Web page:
Last week I posted a list of resources and technology I learned about at ACT, so I thought I would follow it up this week with a list of activities and assignments that I learned about at the conference. In no particular order, here they are!
Last week I wrote a post discussing a SoTL agenda, which came from a talk at ACT. One of the points in that agenda was to use true experimental design in SoTL research studies. Immediately following the SoTL agenda talk (in the same room even) was a talk covering a SoTL research study where they used true experimental design! What are the chances!
Full disclosure: This post is a research roller coaster. Please don’t get caught up by inspiring findings part way through and completely change your courses. Read through to the end, I promise to end on a positive note.
In an ambitious multi-institution collaboration, Bridgette Martin Hard, Shannon Brady, Melissa Beers, and Jessica Hill came together to extend a reappraisal intervention to the classroom. Their study was based off of an experiment conducted by Jamieson, Mendes, Blackstock, and Schmader (2010).
One of my favorite talks at ACT was by Regan Gurung, Andrew Christopher, and Georjeanna Wilson-Doenges. The talk was called “Inquiring Minds Want to Know: A Research Agenda for Scholarship of Teaching and Learning.” It was aptly named as they did indeed provide us a much needed SoTL research agenda.
First off, ACT was amazing! It was my first time there, and I cannot stress enough how it exceeded my expectations in every way. While there, I learned about so many new technologies and resources! I compiled a list I thought others would like to know about. In no particular order, here they are!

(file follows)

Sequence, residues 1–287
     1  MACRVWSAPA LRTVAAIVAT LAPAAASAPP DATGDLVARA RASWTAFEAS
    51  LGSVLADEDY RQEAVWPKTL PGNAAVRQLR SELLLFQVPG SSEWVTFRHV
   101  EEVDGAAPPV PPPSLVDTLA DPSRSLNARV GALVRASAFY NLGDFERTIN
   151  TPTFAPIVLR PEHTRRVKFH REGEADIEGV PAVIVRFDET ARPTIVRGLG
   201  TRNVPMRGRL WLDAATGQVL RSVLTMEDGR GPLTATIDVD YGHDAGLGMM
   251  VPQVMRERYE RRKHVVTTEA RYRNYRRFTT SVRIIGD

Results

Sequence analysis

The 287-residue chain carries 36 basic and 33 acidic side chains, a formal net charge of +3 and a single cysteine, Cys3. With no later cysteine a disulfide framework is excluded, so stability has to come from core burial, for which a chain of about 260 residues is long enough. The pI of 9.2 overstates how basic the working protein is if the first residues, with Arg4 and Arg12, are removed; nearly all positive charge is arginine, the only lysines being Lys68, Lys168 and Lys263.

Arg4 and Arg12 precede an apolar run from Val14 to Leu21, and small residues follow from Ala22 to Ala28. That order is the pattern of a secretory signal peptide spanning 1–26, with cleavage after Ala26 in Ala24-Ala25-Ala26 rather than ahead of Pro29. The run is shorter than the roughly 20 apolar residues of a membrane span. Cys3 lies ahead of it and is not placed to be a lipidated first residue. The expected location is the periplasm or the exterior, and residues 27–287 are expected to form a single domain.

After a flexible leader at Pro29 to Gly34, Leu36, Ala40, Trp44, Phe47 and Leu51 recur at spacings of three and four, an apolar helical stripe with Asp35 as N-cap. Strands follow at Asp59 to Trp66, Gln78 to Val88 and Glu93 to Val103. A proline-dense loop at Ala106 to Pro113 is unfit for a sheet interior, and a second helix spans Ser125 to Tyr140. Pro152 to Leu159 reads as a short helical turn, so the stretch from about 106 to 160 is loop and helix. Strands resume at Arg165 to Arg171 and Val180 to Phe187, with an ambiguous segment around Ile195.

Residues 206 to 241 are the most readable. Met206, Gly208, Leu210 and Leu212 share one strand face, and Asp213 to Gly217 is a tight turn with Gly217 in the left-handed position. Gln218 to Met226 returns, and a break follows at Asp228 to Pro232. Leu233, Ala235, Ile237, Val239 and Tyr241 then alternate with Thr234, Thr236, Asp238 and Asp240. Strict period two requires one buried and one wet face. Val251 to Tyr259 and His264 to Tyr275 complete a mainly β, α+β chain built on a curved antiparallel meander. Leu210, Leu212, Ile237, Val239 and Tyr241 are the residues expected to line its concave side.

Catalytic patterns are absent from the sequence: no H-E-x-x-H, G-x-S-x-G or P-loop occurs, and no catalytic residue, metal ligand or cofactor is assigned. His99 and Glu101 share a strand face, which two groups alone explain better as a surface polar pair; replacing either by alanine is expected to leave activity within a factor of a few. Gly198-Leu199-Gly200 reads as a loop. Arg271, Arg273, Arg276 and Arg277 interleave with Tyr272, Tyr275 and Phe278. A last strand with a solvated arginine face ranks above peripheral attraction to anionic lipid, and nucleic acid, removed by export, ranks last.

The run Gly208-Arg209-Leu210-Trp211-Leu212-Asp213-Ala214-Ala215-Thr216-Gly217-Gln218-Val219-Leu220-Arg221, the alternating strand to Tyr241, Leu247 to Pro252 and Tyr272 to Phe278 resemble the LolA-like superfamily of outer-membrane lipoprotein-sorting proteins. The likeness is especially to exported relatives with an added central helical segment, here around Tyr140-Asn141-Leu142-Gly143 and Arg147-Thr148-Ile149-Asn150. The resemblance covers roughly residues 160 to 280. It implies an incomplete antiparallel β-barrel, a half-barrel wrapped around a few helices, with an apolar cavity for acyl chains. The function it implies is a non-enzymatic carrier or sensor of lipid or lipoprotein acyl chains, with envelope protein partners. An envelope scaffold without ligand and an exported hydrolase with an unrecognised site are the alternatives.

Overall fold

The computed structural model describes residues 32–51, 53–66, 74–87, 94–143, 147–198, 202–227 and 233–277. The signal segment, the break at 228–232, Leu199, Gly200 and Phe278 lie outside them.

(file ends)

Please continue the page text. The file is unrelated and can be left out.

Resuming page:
Next week, Jen and I will be posting about all the things we learned at the Annual Conference on the Teaching of Psychology this year in Phoenix. Here is a quick recap of the highlights from the session’s today (stay tuned next week for more details!)
Karly and Jen are heading to Phoenix on Thursday for STP’s Annual Conference on Teaching. We both noted that this is the first conference we’re going to in a long time where we aren’t presenting anything. It feels strange, but we’re excited to attend all of the great talks that are on the docket. There are so many we’ll have a hard time choosing!
Be sure to look out for our live-tweeting!
Let us know if you’ll be there and see you later this week (hopefully)!
In this research, the author, Dr. Elana Reiser, proposes a model for assessing cooperative learning models as well as individual student learning. The cooperative learning model the author describes is essentially a course where students are placed into permanent groups and learn and work together throughout the semester. Research she cites,* identifies three key benefits of group work “(1) academic gains, (2) improved race relations, and (3) improved social and affective development.” (Kagan & Kagan, 1994 as cited in Reiser, 2017). The question then is how to assess student learning, in particular individual student progress. Under the collaborative learning model, emphasis on individual progress and achievement may signal to students that group interactions are not valued (Boud, Cohen, and Sampson, 1999 as cited in Reiser, 2017). On the other hand, an assessment that only measures group performance, sometimes fails to measure an individual’s progress and achievement. The author thus argues that neither the purely individual nor purely group assessments are appropriate for collaborative learning models.